The revolution in Egypt that began at the end of January 2011 offers us a remarkable case-study for the progression of women’s rights through their social movements during a period of political democratization. Through an evaluation of the theories between the relationship of social movements and democracy, and an in depth comparative analysis of the impact of previous revolutionary periods in MENA and their post-polities, we can formulate a normative hypothesis on women’s social movements during Egypt’s contemporary democratization attempt. By using Egypt during the Arab Spring as a case-study, and evaluating primary and secondary data sources, such a hypothesis can be extended to any current and future MENA states for advancing women’s rights which undergo a similar process. Due to the high correlation between social progress and liberal democratization, especially in MENA, and due to the low correlation between women’s participation in various insurrectionary movements and the perpetuation of gender-specific rights coupled with MENA’s stout reluctance to embrace women’s agendas, it is the thesis of this paper that for women’s rights to progress women must temporarily move to the background gender specific social demands and assimilate their movement into Egypt’s democratic one. This should be done by continuing to help ensure through a visible presence that Egypt’s current military leadership maintains their promises of democratization while in the meantime training Egyptian women on how to take advantage of the rights afforded to them by a democratic polity in order to stake their claim within it. It is through and within a democratic Egypt women can better foster and build upon their rights.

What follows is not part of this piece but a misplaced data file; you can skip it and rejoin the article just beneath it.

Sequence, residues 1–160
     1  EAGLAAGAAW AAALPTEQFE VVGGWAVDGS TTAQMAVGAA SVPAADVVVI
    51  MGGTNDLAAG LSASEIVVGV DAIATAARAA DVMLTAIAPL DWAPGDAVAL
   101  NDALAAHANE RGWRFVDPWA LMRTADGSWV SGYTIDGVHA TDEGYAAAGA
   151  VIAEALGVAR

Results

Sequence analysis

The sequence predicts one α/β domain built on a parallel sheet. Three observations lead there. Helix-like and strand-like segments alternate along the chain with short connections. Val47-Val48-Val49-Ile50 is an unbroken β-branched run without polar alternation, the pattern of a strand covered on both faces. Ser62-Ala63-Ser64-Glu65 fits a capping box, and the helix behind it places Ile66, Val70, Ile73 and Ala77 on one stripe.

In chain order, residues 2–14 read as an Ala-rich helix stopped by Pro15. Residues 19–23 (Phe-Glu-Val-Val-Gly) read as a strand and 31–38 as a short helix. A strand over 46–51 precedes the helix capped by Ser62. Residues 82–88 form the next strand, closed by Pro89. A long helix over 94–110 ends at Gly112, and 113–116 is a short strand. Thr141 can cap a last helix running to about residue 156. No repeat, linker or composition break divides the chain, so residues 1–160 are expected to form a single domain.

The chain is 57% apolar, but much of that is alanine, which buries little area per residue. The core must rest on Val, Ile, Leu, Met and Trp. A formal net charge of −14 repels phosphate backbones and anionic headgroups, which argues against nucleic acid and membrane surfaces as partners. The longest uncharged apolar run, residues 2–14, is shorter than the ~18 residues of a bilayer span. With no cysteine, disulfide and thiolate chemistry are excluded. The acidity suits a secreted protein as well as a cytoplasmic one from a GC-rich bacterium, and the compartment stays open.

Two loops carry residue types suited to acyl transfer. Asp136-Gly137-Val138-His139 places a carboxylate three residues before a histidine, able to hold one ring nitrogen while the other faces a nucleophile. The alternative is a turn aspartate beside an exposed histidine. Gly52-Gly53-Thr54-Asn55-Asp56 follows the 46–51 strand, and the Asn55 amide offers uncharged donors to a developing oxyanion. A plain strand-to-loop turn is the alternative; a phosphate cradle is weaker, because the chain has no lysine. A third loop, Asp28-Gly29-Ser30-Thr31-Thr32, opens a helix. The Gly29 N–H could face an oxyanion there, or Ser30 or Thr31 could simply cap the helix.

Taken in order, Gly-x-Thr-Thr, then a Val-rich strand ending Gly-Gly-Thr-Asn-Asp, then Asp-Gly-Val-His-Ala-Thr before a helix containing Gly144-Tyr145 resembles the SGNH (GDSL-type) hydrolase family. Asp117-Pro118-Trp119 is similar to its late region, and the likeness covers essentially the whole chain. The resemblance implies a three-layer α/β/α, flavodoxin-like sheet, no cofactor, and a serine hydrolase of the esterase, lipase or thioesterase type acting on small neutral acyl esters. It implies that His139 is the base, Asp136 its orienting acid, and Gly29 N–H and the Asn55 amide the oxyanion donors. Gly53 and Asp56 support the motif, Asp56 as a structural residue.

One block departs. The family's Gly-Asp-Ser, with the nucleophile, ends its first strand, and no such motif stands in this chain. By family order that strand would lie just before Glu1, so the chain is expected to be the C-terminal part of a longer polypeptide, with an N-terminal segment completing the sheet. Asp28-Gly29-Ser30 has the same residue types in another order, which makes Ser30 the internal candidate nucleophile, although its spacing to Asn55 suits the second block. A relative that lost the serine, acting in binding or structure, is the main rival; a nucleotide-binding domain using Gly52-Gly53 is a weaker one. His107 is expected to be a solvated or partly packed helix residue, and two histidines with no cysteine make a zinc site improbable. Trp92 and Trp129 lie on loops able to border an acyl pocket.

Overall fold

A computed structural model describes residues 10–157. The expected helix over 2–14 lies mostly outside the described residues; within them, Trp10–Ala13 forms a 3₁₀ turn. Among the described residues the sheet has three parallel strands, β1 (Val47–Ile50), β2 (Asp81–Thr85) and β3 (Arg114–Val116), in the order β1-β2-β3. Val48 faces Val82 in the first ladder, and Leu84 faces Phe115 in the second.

|School:||The American University of Paris (France)|
|Source:||MAI 56/02M(E), Masters Abstracts International|
|Keywords:||Democratization, Egypt, Mena, Political, Social, Women|
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